A 30-year study off the California coast has revealed dramatic fluctuations in deep-sea animal communities. Despite decades of research, scientists are still not sure what drives these changes. These findings are described in a recent paper by former MBARI researcher Linda Kuhnz and other MBARI scientists.
This paper and 15 others will be published in a special issue of Deep-Sea Research in summer 2020. The issue focuses on research at Station M, a deep-sea study site about 220 kilometres (137 miles) west of the Central California coast and 4,000 meters (13,100 feet) below the surface.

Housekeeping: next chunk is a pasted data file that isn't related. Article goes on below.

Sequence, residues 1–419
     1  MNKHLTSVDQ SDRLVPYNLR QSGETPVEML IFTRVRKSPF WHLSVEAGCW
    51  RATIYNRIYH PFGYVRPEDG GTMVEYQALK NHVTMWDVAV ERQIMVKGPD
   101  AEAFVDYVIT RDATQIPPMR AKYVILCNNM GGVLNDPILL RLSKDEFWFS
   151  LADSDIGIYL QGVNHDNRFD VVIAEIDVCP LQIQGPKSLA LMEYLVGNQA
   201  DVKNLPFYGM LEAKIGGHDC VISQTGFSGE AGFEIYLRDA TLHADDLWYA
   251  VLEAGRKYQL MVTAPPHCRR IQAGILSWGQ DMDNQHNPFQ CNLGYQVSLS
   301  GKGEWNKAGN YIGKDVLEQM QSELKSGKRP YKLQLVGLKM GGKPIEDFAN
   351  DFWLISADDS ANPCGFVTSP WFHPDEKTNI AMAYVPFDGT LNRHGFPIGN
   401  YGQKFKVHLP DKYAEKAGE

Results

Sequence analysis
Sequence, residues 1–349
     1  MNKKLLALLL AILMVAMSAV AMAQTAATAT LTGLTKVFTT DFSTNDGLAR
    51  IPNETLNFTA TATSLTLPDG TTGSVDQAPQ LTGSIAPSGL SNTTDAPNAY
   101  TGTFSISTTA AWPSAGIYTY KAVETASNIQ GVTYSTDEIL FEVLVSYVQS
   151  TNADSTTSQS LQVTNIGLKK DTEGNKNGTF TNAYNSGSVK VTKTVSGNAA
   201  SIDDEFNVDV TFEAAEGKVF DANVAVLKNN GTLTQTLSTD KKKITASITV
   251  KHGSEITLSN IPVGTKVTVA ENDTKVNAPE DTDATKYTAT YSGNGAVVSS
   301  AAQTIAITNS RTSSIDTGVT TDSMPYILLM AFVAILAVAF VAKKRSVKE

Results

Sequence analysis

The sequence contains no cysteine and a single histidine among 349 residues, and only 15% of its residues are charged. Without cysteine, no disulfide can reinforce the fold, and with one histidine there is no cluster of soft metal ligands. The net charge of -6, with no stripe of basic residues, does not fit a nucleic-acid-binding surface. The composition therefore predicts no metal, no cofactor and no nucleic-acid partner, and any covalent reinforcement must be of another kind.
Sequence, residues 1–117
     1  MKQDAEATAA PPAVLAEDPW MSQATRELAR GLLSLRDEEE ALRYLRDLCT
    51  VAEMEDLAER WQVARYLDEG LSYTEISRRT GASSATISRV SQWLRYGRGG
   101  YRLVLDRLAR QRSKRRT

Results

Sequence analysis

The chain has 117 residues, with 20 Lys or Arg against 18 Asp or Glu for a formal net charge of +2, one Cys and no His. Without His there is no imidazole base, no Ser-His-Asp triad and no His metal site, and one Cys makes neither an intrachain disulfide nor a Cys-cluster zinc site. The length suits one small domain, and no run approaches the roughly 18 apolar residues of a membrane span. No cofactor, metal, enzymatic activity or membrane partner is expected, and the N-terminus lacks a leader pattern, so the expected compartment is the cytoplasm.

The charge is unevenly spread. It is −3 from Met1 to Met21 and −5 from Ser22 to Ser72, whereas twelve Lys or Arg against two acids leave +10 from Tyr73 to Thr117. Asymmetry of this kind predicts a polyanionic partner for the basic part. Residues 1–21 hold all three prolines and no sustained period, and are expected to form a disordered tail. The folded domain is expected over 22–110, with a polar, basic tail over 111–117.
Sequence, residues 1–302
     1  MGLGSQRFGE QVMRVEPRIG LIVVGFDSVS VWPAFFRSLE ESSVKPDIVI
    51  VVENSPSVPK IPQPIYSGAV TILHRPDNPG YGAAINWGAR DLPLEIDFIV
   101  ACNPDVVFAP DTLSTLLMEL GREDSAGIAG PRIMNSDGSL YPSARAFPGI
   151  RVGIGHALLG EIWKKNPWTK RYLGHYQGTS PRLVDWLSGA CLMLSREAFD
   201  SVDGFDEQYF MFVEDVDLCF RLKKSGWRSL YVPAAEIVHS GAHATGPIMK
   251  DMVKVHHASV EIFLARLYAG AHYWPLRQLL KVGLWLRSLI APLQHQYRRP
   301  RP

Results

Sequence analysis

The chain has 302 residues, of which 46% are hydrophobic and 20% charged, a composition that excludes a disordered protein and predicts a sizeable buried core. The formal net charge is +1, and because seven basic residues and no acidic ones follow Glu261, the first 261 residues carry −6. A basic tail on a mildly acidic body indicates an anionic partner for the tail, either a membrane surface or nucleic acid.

MBARI marine ecologist Ken Smith has led research efforts at Station M for three decades, using every conceivable oceanographic tool—seafloor cameras, landers, core samplers, sediment traps, and a variety of underwater robots. MORE
Header image: Sea pigs are a type of deep-sea sea cucumber whose populations may increase after large pulses of food sink to the deep seafloor. The gelatinous material at the bottom of the image (probably part of a pyrosome) is one example of the kinds of food in these pulses. The red dots are about 29 centimetres apart and are used to estimate the sizes of objects in the image. Credit: MBARI.